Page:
• long-term anticoagulation therapy often has to be interrupted for various reasons (most often due to planned diagnostic or surgical procedures); for the interruption in emergencies, see the chapter on neutralizing the anticoagulant effect
  • the decision to discontinue anticoagulation periprocedurally represents a complex balancing act between the estimated risk of thromboembolism and bleeding
  • 4 questions need to be addressed:
    • is it necessary to discontinue anticoagulation?
    • if so, how long before the procedure should it be discontinued?
    • is bridging therapy necessary? at what dose?
    • when should the anticoagulant therapy be restarted after the procedure?
  • to answer these questions, we need to evaluate:
    • individual risk of thromboembolism
    • the risk of bleeding (taking into account the characteristics of the patient and the planned procedure)
      • type of procedure and its risk of bleeding
      • features of the prescribed anticoagulant agent (warfarin x DOAC)
      • renal functions
  • warfarin requires a rather complex procedure – timely discontinuation (at least 3-5 days before the procedure), then monitoring of INR decline and starting LMWH once INR gets below 2 (if bridging is indicated)
  • DOACs simplify the situation because of their rapid onset of action and predictable, relatively short-lasting normalization of coagulation parameters (LMWH bridging is therefore not necessary in most cases)

Is it really necessary to stop anticoagulant therapy?

  • it is always a matter of better or worse estimate because the ratio of the thromboembolism risk (TE) when anticoagulation is withdrawn and bleeding when it is retained is often unclear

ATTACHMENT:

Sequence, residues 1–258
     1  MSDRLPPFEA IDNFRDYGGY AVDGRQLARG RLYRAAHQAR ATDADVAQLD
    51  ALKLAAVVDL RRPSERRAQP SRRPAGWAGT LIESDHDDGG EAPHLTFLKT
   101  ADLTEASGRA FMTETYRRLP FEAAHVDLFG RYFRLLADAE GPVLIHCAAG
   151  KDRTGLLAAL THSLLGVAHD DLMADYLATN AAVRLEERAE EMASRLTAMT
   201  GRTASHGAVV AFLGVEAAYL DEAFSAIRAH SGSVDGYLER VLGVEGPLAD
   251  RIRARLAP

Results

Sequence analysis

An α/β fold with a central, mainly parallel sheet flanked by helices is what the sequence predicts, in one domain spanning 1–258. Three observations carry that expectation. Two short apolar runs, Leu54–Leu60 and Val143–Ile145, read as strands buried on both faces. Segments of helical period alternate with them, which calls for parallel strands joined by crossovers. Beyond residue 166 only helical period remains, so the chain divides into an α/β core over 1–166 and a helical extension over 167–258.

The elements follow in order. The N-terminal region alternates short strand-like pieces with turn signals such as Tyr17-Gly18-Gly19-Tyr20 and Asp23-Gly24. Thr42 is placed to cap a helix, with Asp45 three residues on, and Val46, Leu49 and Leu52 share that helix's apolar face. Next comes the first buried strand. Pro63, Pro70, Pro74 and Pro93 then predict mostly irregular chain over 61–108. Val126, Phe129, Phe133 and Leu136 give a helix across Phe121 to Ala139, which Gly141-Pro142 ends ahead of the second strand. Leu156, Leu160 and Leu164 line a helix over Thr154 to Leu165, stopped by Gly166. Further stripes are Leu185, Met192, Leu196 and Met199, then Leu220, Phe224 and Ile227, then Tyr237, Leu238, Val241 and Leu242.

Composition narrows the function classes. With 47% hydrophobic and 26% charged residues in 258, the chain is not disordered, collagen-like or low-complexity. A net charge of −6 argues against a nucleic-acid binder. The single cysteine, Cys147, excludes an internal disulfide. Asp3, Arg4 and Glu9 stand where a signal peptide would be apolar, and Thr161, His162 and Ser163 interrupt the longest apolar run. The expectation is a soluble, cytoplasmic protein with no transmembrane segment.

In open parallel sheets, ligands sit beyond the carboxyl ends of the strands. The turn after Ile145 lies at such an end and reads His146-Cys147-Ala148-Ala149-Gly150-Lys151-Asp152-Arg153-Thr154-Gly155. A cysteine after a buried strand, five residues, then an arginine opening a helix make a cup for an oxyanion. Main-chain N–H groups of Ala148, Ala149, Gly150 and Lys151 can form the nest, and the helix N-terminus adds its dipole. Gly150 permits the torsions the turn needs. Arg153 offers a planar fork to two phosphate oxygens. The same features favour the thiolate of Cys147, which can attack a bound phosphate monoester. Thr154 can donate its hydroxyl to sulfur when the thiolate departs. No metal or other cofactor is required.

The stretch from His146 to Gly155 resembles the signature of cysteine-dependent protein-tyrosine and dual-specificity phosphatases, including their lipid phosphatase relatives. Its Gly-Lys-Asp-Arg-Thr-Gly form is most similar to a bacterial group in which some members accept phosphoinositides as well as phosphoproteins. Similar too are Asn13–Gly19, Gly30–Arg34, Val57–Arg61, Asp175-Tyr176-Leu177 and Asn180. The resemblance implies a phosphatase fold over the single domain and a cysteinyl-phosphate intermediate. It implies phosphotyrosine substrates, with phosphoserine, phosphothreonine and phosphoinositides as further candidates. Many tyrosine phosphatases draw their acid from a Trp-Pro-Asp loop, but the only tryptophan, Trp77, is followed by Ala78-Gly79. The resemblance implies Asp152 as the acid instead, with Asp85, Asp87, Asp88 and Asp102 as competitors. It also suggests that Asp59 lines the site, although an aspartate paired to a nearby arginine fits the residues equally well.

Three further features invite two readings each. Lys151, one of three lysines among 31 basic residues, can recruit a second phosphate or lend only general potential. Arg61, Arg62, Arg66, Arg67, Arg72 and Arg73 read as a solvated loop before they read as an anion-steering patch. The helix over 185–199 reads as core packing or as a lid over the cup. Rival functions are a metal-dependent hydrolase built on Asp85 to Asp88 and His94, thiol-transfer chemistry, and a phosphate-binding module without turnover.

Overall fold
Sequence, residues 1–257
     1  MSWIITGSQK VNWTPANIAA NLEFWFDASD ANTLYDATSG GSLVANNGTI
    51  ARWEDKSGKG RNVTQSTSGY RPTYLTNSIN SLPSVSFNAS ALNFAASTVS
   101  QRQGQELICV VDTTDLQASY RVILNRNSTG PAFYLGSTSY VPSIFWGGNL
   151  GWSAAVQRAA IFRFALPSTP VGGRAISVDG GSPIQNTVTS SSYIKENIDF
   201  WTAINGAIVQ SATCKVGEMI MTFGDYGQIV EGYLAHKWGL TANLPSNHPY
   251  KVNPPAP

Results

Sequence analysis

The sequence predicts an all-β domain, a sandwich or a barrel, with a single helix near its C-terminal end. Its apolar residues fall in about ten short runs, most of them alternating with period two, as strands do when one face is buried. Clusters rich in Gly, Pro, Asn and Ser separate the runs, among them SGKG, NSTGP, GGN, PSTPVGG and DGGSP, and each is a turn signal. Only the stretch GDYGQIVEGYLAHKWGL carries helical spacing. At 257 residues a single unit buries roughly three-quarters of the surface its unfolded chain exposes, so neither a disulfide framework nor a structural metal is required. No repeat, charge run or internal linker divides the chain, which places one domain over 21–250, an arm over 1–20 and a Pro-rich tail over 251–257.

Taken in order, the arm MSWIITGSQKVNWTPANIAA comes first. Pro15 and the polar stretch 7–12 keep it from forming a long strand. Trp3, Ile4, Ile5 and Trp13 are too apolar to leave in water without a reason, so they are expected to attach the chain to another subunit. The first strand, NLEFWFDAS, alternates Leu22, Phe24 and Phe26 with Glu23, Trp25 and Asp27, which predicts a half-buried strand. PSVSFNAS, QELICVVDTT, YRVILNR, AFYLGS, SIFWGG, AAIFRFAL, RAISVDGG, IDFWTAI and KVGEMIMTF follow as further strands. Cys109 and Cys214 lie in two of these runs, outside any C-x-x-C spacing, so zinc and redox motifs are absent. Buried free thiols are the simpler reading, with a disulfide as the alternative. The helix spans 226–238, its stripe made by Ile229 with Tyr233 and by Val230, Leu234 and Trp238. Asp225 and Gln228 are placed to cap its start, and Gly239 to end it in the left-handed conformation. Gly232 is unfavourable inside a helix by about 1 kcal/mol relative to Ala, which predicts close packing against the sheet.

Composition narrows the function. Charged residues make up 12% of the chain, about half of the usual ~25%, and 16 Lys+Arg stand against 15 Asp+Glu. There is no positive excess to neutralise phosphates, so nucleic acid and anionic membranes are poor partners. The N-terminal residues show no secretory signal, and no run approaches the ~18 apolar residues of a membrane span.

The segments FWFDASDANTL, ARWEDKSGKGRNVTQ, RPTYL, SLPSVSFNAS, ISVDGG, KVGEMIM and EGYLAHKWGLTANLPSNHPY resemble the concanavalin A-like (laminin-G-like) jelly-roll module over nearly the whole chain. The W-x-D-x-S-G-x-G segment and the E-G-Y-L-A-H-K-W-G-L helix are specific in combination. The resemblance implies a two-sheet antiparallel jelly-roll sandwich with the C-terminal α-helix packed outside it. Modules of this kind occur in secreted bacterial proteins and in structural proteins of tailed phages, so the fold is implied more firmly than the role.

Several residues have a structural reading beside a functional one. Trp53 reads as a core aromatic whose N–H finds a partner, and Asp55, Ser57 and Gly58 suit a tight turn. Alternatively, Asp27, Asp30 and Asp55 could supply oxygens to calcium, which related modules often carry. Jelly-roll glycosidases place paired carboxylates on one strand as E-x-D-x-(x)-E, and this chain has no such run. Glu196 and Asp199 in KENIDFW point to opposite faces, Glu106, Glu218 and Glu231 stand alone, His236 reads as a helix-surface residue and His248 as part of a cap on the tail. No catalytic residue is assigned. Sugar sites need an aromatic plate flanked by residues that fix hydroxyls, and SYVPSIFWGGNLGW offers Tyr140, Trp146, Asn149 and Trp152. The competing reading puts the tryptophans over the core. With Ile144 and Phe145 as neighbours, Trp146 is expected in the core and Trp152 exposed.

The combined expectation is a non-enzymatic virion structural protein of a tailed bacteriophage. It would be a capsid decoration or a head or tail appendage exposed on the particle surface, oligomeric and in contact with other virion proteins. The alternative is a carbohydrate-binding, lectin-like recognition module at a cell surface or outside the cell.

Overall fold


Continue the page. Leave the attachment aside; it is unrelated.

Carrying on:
• TE is relatively rare but can be fatal
    • bleeding with continued anticoagulation is more common but often less clinically relevant, usually without permanent sequelae

Thromboembolism risk assessment

  • use the CHA2DS2-VASc score in patients with Afib
  • in patients with venous thrombosis (VTE), the time since the diagnosis of VTE and the presence/absence of thrombophilia (a prothrombotic state) are taken into account
  • in patients with a mechanical valve, the risk depends on the type and location of the valve and the presence of contributing risk factors (AFib, heart failure, hypertension, diabetes, age >75y, previous stroke)
Clinical Indication for Anticoagulant Therapy
Thromboembolic Risk Category Atrial Fibrillation Mechanical Heart Valve VTE
High risk
(annual risk >10%)
  • CHADS2 score 5-6
  • recent (< 3 months) stroke/TIA
  • rheumatic valvular heart disease
  • any mechanical mitral valve
  • older aortic mechanical valve (caged ball, tilting disk)
  • recent (< 3 months) stroke or TIA
  • recent (< 3 months) VTE
  • high-risk thrombophilia (deficiency of protein C, protein S, or antithrombin; antiphospholipid syndrome; homozygous factor V Leiden or
    prothrombin gene mutation)
Moderate risk
(annual risk 5% to 10%)
CHADS2 score 3-4 bileaflet aortic valve prosthesis with ≥1 risk factor
  • VTE within 3–12 months
  • moderate-risk thrombophilia (heterozygous factor V Leiden
    or prothrombin gene mutation)
  • recurrent VTE
  • active cancer (metastatic or treated within the past 6 months)
Low risk (annual risk <5%) CHADS2 score 0–2 (no prior stroke or TIA) bileaflet aortic valve prosthesis without any risk factors VTE >12 months ago

Bleeding risk assessment

  • consider a combination of individual patient risks and the risk of the procedure itself
  • take into account the localization and invasiveness of the procedure
  • many procedures can be safely performed without interrupting anticoagulation (either warfarin or DOACs) – dermatological, ophthalmological, and dental procedures
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Timing of anticoagulant therapy discontinuation

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Discontinuation of DOAC before neuraxial anesthesia

  • higher perioperative hemorrhagic risk is assumed; therefore, a longer interval is recommended
    • for dabigatran 4-5 days before surgery
    • for Xa inhibitors 3-5 days before surgery
  • restart DOAC ≥ 24 hours after the procedure
  • consider LMWH bridging in high-risk patients
  • separate guidelines for spinal and analgesic procedures are here a here

Is bridging required?

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Restart of the anticoagulant therapy

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Perioperative and Periprocedural Management of Anticoagulant Therapy
link: https://www.stroke-manual.com/perioperative-and-periprocedural-management-of-anticoagulant-therapy/